One of the earliest ship models to enter the collection of Glasgow Museums was a fine model of HMS Oxford, made around 1727. It came from the collection of Robert Napier, known as the ‘father of Clyde shipbuilding’ and was presented shortly after his death in 1876 as an example of early naval ship design. However, beneath the beauty and intricacy of this model lies … Continue reading The Navy and Slavery
The profits from Scottish-owned plantations in the West Indies that used enslaved men, women and children were returned to Scotland and invested in industries here rather than helping to develop their local Caribbean communities. One such area that profited was Glasgow’s burgeoning dye industry. Many purple dyes were traditionally made using lichen dyes which were much cheaper than the famous Tyrian or murex purple extracted … Continue reading Glasgow Merchants’ Investment in Purple
In 1705, the Glaswegian businessman, John ‘Bass’ Spreull published an account of Scotland’s prospects for international trade. He suggested that Scotland should make appropriate trade links with the West Indies, Virginia, the Guinea coast and what he called the ‘Negroes Coast’, by which he probably meant West African countries such as Senegal where European countries had established a slave trade. Spreull promoted a trade of … Continue reading The earliest enslaved person in Glasgow?
John Glassford of Dougalston (1715 -1783) is famed for his success as a businessman, but few people know about his art collection. It was sold at auction at Christies on 23December 1786. The auction catalogue lists 139 paintings for sale. The collection was mostly made up of British, Dutch and French artists but there were also a few Italian paintings. He had three works by … Continue reading John Glassford’s Art Collection
When the portrait of the tobacco merchant John Glassford and his family was given to Glasgow Museums in 1950 not much was known about it, and a myth grew about a black slave boy who had been painted over to erase Glasgow’s association with the slave trade. In 2007 the painting was moved from the People’s Palace to Kelvingrove Art Gallery and Museum where conservation … Continue reading John Glassford’s Family Portrait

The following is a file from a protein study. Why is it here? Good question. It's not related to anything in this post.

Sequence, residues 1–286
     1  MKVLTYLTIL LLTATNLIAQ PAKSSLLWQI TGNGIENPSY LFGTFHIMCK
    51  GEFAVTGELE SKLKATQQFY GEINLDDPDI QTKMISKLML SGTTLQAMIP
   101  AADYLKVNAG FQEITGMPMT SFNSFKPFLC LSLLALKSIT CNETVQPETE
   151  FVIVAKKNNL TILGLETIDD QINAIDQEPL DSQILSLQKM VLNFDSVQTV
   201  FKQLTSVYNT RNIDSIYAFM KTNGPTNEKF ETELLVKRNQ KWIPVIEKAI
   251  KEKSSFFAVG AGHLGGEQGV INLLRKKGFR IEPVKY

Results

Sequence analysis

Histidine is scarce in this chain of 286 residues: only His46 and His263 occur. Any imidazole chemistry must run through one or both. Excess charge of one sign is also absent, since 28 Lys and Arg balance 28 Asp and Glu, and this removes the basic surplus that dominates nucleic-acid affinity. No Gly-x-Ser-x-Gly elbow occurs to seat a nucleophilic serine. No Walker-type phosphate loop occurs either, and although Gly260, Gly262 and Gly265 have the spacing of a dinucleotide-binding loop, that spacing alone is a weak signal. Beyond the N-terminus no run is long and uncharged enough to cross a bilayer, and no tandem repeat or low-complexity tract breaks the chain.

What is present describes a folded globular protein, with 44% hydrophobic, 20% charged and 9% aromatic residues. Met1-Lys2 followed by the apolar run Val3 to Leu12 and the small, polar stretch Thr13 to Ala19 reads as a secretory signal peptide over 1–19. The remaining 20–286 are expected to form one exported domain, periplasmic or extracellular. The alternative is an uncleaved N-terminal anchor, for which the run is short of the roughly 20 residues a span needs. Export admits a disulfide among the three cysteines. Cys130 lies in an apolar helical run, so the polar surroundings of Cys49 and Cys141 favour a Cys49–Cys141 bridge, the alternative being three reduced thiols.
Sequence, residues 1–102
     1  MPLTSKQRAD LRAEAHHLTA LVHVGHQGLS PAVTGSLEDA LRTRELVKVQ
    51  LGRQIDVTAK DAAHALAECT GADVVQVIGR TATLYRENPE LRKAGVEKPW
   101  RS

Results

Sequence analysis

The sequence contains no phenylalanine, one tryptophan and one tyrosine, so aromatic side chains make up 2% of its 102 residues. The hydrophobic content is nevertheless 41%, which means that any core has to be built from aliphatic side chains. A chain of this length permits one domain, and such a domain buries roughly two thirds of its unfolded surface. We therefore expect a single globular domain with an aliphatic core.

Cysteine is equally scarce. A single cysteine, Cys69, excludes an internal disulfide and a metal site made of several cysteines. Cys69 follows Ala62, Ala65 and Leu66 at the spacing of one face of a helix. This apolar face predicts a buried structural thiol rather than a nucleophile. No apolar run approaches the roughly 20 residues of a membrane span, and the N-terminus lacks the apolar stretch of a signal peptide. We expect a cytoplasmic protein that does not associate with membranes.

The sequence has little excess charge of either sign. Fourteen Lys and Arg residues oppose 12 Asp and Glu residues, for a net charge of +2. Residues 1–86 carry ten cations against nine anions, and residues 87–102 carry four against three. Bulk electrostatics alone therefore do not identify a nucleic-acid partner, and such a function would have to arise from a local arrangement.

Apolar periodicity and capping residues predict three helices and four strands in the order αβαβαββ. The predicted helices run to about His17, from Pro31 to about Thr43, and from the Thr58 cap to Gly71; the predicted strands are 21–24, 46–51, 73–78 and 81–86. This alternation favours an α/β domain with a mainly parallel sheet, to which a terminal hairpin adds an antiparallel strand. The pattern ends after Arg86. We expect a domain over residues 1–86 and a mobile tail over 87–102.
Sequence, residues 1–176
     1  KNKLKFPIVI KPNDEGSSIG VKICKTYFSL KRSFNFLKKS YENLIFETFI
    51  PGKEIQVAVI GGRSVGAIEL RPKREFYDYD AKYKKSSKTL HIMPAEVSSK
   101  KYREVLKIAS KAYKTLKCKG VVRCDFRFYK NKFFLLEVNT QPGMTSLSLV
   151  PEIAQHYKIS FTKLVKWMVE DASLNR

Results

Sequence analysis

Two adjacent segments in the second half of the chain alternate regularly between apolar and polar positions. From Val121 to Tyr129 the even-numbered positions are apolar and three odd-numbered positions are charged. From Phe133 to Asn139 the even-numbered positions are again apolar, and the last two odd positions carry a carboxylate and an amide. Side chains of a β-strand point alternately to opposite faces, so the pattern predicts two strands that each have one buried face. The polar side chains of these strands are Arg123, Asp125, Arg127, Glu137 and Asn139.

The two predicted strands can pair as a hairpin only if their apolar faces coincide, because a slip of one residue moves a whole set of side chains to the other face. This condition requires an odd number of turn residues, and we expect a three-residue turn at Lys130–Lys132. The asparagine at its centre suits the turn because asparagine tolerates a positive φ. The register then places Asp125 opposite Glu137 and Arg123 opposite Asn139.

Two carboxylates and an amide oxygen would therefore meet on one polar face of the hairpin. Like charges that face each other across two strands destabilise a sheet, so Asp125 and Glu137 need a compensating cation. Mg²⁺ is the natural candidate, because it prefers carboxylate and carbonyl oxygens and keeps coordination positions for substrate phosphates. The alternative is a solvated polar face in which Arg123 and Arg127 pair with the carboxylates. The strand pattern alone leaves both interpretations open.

The Scottish Identity in Art gallery in Kelvingrove Art Gallery and Museum contains many wonderful objects, including silverware made by the Luke of Claythorn family. Claythorn is in today’s Calton, near the People’s Palace. Recent research on portraits of them in the museum stores has revealed a complicated family history. There are six portraits: three of John Luke, one of James Luke and one for … Continue reading The Luke of Claythorn family – silver, sugar and slavery
When Glasgow Museums first acquired Robert Salmon’s painting of Glasgow Harbour in 1832 it was for the extraordinary representation of steamships. However research into the other ships has thrown up additional information that helps us to understand what is going on in the painting. The American ship on the left-hand side of the painting was originally thought to have been there simply to appeal to … Continue reading Slave Cotton in Glasgow